Five CO Issues to Look Out for This Summer

June 12th, 2018 | Posted by David Richardson in David Richardson | Home
David Richardson on Summer CO

David Richardson is an NCI Curriculum Developer & Instructor

With the end of the heating season there’s a tendency to forget the dangers of carbon monoxide (CO). As you transition to the cooling season, be sure to keep your awareness for CO high even though it’s likely to be the last thing on your mind. Let’s look at five summer CO issues you should be aware.

Issue #1: Water Heaters

Water heating is needed all year- and should always be at the top of your watch list if the equipment is fuel-fired. If you keep an eye on CO-related news, you’ll notice many issues are caused by water heating equipment. Don’t restrict this to domestic water heating only. Look at other equipment such as pool heaters too.

Last summer there was a news story about a teenager who lost his life due to an unsafe pool heater in a hotel. Seven others were already unconscious and could have succumbed to the poison if not for the actions of a quick-thinking staff member.

You can help prevent this type of tragedy if you pay attention to a few details. At the minimum, look for some of the visual clues of flue gas spillage. If you see signs of rust, metal discoloration, and melted grommets around the drafthood or burners, it’s an indicator that flue gas is probably spilling from the equipment. If you uncover these, the equipment needs to be tested for safe operation.

Issue #2: Gas Ovens

Summer CO Prevention

CO Poisoning doesn’t just happen in winter. Summer CO issues are just as rampant, just as deadly, and just as preventable.

Gas ovens are another appliance used year-round. Never underestimate their potential to dump CO directly into the living space. Don’t assume a gas oven is safe until it has been tested and verified. I’ve seen brand new ovens producing over 1600 ppm of CO.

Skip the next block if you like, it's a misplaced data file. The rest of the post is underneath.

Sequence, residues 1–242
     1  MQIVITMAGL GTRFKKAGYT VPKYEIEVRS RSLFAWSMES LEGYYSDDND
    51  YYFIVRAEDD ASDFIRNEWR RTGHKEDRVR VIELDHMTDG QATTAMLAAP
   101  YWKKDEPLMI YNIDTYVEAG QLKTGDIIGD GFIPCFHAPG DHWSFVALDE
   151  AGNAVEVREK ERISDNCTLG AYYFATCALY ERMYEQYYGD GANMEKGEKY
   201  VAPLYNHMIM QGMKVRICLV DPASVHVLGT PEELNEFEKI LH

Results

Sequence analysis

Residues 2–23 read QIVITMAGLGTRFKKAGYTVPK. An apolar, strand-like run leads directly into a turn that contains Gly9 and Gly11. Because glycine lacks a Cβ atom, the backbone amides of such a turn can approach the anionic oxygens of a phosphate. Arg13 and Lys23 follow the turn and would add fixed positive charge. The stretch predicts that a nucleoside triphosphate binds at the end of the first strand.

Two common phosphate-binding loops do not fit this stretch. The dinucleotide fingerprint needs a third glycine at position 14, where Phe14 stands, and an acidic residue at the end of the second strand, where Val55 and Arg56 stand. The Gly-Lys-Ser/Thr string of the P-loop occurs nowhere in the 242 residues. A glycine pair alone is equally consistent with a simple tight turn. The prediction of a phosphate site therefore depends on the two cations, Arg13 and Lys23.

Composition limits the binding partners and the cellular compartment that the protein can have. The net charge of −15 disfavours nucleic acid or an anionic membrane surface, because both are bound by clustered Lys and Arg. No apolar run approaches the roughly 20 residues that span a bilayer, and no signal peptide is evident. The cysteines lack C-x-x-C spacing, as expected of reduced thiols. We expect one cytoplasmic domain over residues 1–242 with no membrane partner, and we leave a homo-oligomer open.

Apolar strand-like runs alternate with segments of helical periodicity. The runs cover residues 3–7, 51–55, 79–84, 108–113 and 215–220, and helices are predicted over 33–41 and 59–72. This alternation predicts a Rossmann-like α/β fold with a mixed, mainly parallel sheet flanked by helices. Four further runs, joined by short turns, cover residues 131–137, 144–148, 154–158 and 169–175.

An oven shouldn’t put out more than 50 ppm of CO (As Measured) while in operation and should include some form of ventilation when in use. The natural air changes in most newer homes isn’t enough to dilute CO produced from an oven. This is especially important to remember if you’re cooking a large meal.

Issue #3: Outdoor Grilles

With warmer temperatures, many of us move our cooking outdoors to enjoy the flavor from a grille. Both charcoal and gas grilles used too close to a window or overhang present a significant danger for CO poisoning.

Fumes from the grille can easily make their way back into a building through open windows, doors, or recirculation through an overhang. Grilles always produce high levels of CO and should be used as far away from a building as possible.

If it’s raining, it might be best to plan your grilling activities for another day instead of using the grille under a covered porch or in an open garage. There have been numerous poisonings reported when grilles are used in these conditions.

Issue #4: Attached Garages

A home with an attached garage can also present a potential for CO even if there aren’t any fuel-fired appliances. Don’t forget about fumes from automobiles and lawn equipment that can easily infiltrate indoors when conditions are right.

One of the largest contributing factors from attached garages is tied to duct leakage and air balancing problems. When these issues exist, they create a competition for airflow. With the blower in the HVAC system often running at higher speeds during cooling mode, this is amplified during the summer.

Since airflow takes the path of least resistance, it often moves through unintentional connections between a garage and the home with CO tagging along for the ride. HVAC professionals are in the perfect position to address this since it’s a ventilation and duct system issue.

Issue #5: Generators

Warmer weather brings storms and power outages. To cope with this inconvenience, many consumers fire up their generators to provide some relief. When generators are used too close to a home, the fumes can find their way inside through openings such as windows, doors, and outside air ducts.

Customers with good intentions or concerns of theft have moved generators indoors not considering the side effects of this decision. If your customers use a generator, have them operate it as far away from the home as possible since this equipment always produce high levels of CO.

Low-Level CO Monitors

One way to help prevent these issues is to keep a low-level CO monitor in operation all year. This will alert you and your customers to the potential of CO poisoning before anyone is in harm’s way. Consider it to be a home security system for CO that can go off as soon as that CO intruder steps on your property.

For more information on CO, visit the National Comfort Institute Website or check out any of these articles here:



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